Chennai: Tata Consultancy Services (TCS), part of Tata Sons, has bagged the Rs 15-crore banking software and hardware order from the Kumbakonam-based City Union Bank (CUB).
This will be the first time the Asian software giant will implement its Quartz core banking and solutions in a domestic bank. In addition, TCS will also implement eBankworks (an Internet-banking solution) and Almity, an asset and liability management solution.
Apart from implementing the banking solutions, TCS will also assist CUB on the hardware part along with CMC. TCS will also train the bank staff and establish the required disaster recovery framework.
Since CUB has 124 branches (mostly in rural areas in south), it is going to be a major technological leap. CUB chairman V Narayanan says the bank will implement the TCS solution is 20 branches in the first phase and by the year 2005, the Quartz solution will be implemented through the bank network. ''We plan to install 30 automatic teller machines (ATM) in semi-urban areas.''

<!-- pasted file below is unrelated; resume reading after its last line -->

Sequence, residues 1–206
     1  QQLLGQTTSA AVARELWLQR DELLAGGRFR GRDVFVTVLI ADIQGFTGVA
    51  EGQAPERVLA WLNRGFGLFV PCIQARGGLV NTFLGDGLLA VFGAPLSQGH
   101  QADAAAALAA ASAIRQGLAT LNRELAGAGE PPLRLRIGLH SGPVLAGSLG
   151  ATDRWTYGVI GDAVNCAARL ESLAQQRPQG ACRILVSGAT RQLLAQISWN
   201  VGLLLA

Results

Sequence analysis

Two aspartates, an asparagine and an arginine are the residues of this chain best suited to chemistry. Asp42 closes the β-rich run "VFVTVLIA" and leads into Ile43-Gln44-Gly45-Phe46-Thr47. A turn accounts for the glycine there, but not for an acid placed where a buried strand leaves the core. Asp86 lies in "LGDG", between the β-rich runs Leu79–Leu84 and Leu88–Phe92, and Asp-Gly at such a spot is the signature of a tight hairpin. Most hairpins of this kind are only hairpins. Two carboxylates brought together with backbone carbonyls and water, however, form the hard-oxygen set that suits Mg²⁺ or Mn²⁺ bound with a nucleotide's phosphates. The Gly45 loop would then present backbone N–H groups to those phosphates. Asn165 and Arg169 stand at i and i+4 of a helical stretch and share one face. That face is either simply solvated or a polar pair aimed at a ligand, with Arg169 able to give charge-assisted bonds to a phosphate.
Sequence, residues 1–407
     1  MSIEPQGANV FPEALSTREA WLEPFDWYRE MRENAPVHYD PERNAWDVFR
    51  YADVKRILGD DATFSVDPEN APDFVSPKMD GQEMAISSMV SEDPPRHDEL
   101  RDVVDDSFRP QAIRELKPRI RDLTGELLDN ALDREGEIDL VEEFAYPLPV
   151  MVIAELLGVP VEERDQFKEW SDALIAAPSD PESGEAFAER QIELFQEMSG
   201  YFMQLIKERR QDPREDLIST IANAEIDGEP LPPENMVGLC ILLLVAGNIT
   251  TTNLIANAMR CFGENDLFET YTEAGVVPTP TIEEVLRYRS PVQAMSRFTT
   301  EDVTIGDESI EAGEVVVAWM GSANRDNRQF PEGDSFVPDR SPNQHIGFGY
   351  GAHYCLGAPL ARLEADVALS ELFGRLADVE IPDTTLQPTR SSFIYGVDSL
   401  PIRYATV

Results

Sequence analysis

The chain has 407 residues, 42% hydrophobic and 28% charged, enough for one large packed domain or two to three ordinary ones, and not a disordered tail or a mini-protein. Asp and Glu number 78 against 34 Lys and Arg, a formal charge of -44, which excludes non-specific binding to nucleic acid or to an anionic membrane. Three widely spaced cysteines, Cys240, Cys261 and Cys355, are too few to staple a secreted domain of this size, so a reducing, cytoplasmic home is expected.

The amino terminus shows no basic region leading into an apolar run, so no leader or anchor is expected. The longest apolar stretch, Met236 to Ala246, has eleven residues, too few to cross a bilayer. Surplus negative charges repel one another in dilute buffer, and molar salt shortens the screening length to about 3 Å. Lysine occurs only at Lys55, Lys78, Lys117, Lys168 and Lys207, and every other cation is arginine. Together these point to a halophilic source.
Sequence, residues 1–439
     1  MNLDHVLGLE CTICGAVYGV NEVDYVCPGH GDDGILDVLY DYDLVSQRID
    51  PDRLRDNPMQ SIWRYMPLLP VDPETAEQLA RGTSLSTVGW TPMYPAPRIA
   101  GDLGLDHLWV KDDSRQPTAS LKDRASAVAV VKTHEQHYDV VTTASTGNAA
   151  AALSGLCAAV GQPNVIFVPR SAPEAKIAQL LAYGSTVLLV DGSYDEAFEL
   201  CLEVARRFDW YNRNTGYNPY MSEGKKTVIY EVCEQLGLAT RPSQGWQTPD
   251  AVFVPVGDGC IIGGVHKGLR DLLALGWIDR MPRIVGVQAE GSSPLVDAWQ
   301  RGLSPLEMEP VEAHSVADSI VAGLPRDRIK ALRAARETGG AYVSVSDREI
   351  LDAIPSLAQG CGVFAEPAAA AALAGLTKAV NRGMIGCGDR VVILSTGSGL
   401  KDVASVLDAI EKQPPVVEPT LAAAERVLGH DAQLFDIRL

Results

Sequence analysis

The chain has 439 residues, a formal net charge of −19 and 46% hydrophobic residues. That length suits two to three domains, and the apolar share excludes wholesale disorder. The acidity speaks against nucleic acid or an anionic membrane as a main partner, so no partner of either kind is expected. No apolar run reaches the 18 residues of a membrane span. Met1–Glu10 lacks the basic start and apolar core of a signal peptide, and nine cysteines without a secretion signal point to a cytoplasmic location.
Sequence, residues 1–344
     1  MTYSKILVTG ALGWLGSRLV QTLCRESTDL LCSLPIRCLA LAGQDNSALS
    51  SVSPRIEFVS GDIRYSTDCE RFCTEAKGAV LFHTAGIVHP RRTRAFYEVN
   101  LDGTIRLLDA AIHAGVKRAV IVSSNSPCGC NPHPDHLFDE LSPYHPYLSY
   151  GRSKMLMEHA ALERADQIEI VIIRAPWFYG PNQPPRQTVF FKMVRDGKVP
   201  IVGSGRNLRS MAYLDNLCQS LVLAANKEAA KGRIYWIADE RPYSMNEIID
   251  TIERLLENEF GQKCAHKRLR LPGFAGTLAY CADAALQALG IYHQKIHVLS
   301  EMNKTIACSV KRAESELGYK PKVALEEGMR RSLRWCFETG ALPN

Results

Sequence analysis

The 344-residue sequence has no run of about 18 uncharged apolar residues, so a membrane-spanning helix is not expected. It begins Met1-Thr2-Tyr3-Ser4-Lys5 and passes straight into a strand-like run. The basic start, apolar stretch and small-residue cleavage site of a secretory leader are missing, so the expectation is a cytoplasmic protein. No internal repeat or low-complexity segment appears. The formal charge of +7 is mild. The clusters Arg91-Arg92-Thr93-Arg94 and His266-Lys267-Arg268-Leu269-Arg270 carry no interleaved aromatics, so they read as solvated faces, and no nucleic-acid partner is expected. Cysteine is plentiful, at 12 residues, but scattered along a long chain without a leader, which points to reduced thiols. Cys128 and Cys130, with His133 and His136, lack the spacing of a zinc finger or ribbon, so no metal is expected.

In the meantime, with new generation private sector banks already computerising their operations from day one, the race is now for bagging small-sized older private sector bank accounts. Bharat Overseas Bank (BOBL) has already chosen i-flex Solutions' Flexcube banking solution.
According to N G Subramaniam, vice president and head (banking industry practice), TCS is in talks with 10-12 banks for selling its Quartz programme. ''The demand also depends on the profitability of the banks.''
TCS CEO S Ramadorai says the banking, financial services and insurance (BFSI) domain contributes between 40-50 per cent of the division's turnover (Rs 4,187 crore). TCS will be investing around 4 per cent of its turnover in research and development (R&D) for building assets and software solutions on the BFSI space.
When asked whether TCS missed the bus when all the new-generation private banks started their operations fully-computerised from day one, Subramaniam says: ''The new-generation banks were looking for centralised banking solutions at that time, and we did not possess it at that time. But we firmly believe that our solutions are far better due to the flexibility it offers to banks.'' ''We have been wanting to contribute the learnings abroad in an integrated manner,'' adds Ramadorai.
When asked about competitors tying up with hardware vendors and jointly bidding for banking projects, Subramaniam says the company's solutions can be rolled out on any platform. ''We are technology-independent and hardware-agnostic. The choice of hardware depends on the bank's need.''